Mr. Speaker (your name reminds me of Sam Rayburn, a former Speaker of the House of Representatives here in the USA),
Thank you for putting it all out there. Let me emphasize that you are NOT alone. I can relate to almost everything you have said, and while I was not a CEO, I always set high standards for myself ever since I was a kid, and it escalated in college and grad school where I earned a PhD. This trained me to analyze things a lot, and I saw what was in need of fixing, but since I was not the CEO of a State of CA agency, I was unable to change things since these agencies are very much “top down” like the military. I retired at age 70 a year ago, and experience many of the same things as you. (I was also an entrepreneur some decades ago, and that was a totally different experience.)
I can relate to what you say about putting that same energy to work in retirement and how hard it is. And I can imagine how difficult it is going from CEO to retired guy. Our society in the west values thinking and doing, and suddenly, we are no longer valued for that. Am I right? It has to be hard.
I have two close friends who are also retired but younger than I am. I try not to compare myself to them as hard as that is, but enjoy their company. Life is not easy for any of us. And yes, some keep up appearances since the society doesn't look kindly to those of us who are having a rough go of it. And yes, there are tremendous pressures on a primary relationship as well as other relationships. I can …relate (pun intended)!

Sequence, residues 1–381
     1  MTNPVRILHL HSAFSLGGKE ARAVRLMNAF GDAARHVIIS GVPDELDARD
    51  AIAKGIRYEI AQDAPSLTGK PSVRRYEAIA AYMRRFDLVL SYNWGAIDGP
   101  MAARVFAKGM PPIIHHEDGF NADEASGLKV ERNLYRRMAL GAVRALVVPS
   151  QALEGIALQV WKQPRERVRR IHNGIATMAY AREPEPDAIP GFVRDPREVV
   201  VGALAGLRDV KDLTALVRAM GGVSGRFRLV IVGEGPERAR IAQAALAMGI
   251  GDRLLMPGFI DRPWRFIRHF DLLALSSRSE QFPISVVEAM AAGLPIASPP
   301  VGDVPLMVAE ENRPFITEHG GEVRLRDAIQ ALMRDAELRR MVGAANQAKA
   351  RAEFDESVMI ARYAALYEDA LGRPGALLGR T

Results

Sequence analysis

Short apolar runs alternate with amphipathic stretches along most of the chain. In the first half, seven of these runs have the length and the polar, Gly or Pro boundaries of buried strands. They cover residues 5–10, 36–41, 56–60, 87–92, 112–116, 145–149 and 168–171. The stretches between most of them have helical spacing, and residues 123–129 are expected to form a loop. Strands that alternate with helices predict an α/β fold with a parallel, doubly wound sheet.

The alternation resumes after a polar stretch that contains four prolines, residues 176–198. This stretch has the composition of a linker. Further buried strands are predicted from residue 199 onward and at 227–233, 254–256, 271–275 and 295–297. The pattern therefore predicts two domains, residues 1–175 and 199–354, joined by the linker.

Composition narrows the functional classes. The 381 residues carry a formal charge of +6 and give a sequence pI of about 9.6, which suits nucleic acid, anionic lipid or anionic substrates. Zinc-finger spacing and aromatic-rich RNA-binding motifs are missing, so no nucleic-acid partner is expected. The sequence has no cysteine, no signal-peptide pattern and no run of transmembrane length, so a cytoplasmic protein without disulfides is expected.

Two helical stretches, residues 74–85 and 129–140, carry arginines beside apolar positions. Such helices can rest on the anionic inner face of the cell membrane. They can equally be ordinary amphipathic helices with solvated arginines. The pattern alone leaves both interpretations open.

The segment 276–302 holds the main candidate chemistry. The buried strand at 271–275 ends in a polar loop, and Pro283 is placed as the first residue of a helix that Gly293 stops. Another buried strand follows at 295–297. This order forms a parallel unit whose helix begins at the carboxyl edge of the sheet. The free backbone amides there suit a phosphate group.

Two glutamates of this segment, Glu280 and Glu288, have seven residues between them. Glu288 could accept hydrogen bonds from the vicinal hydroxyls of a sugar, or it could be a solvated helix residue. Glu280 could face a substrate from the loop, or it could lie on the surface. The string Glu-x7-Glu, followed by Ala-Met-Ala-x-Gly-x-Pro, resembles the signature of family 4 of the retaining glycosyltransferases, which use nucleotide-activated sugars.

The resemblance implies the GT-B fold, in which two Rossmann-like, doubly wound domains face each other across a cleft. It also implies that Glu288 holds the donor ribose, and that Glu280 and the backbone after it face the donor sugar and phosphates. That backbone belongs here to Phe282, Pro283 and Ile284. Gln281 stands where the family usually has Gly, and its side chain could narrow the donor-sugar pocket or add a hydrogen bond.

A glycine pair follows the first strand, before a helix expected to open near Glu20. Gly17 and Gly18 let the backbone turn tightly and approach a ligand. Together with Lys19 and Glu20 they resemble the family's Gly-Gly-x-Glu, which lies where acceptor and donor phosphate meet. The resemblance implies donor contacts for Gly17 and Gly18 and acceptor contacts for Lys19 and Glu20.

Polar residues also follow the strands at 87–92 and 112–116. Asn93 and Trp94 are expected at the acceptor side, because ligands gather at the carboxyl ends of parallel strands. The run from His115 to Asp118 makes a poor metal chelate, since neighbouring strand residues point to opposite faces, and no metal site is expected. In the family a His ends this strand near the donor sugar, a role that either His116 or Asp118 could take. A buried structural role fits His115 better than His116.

For now, I can add that this is the right place for in- depth discussions of retirement. Since it is a brand new topic, others will join in, both those who are retired like we are and others who are still working but can relate to this.
The hardest thing for us is to be patient, since this is one of the more difficult things we attempt in life.
After you have completed, say 10 weeks of this programme (4 weeks post grad), tell us what you think of it. Would you have considered introducing it to your employees or are you inclined now to recommend it to your peers? Do you find that it can take a lot of time, and do you wonder if you need to limit your time spent on this? These are questions for all of us to consider. Our strength is that we have life experience, or “wisdom” as they say, and this helps us see some things more clearly.